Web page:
Jim, if I thought some jerk was going to drive home drunk if I didn't keep him overnight and perhaps kill somebody I would think it incumbent upon me to let him stay. And we might have laws here to that effect. If you are serving the booze, you take some responsibility for dishing out too much. Not sure if it's law but it might be.

All the same, this is a tangential issue and I agree that street smarts are often more important than any other degree.

Luckily it was college, and he had only two blocks to walk. If he were driving, I would have called for a sober driver. That's what pledges are for.
The evolution of this post is entertaining . . . which is where I find the real value in RBC. The lack of boundaries within a social media construct allow Jim to draw interesting analogies about college parties, for astute persons such as Dennis to (with no fear of an iron fist falling on him) state that a "sugar-diet" RBC will stifle the community instead of build it up, for Barbara to expand our minds through drawing correlations to motherhood, etc. The lack of boundaries that enables all of us to inject our thoughts and experiences is what enables growth - I laugh, smile, sometimes smirk, reel . . . but that's the value :) It's not always the initial generation of the discussion - it's the iteration and piling of new spices and ingredients into the pot that provide for entertainment and in many cases, enlightenment.

A truism is that we listen to one another's thoughts and ideas, and based on our reality and existentialism, we adopt or reject them (normally a hybrid of the two). I think John has some really good ideas and thoughts . . . and some not so good ones. So did Aristotle. So did Isaac Newton. So did Galileo. So did Einstein. Frankly, so do all of us. I think some of the "Digging into RBC" is shaped by his own personal experiences and realities . . . which may or may not hold value to the rest of us. It's all relative. In a world more charactized by quantum mechanics and true interconnectedness, John's "digging" is nothing more than him presenting the reality of posts and discussions as he sees them. Perhaps some agree with his analogies; perhaps some see levels of "spin"; perhaps some log in and reach each and every "digging" . . . and perhaps some don't even bother. That's the intersection of community with individual choice.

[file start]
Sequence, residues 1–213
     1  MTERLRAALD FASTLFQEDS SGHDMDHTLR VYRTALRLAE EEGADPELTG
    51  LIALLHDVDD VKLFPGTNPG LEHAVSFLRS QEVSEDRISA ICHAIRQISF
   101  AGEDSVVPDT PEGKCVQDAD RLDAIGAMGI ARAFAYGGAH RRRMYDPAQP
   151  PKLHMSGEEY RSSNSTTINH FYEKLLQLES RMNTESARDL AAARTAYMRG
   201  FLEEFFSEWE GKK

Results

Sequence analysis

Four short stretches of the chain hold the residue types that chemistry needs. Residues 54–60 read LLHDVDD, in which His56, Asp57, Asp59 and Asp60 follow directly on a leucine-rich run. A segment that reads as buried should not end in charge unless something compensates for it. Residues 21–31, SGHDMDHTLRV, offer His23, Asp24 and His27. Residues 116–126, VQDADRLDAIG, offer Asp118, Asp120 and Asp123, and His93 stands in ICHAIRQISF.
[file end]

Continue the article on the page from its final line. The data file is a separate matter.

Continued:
There are no Temple Priests or Templar Knights, and if we think that a social network is a place to recreate the absolute power of the Catholic Church during centuries past, it's my contention that we're missing the boat. When I say that, I am suggesting that we recognize that there is a beauty in science - and if we learn anything from the great minds that have come before us, let's keep in mind that boundaries are constraints, and some are meaningless. This is as true in politics as it is a social network . . . as it is a calculus equation.

In fact, in my own tiny mind, SourceCon 2008 was a watershed conference in our space. Why? Because much of the content presented stood in stark contrast to the 'thought leadership' leveraged from times past, such as our industrialization era. Steve Jobs was more present in spirit than Henry Ford. Discussions were a quantum leap from other conferences I've been to in the past . . . and to echo a previous point, this wasn't due to the initial presentations/sessions all the time. What I overheard were people brainstorming and discussing new notions; notions that represent the inverse of groupthink. The result? Opportunities to progress and overcome mental plateaus (see the Finance function in the late 1960s' and Marketing in the late 1990s').

It's a fun time to be in our space as the old guard collides with the new as we witness the passing of sacred cows. A consilience is at hand if you slow down enough to not blindly accept each whitepaper as truth and actually smell the flowers and breathe the air around you. I'm happy to be here today, but that's also probably a manifestation of my own existentialism and way of looking at the world (which may or may not hold any value to the reader) :P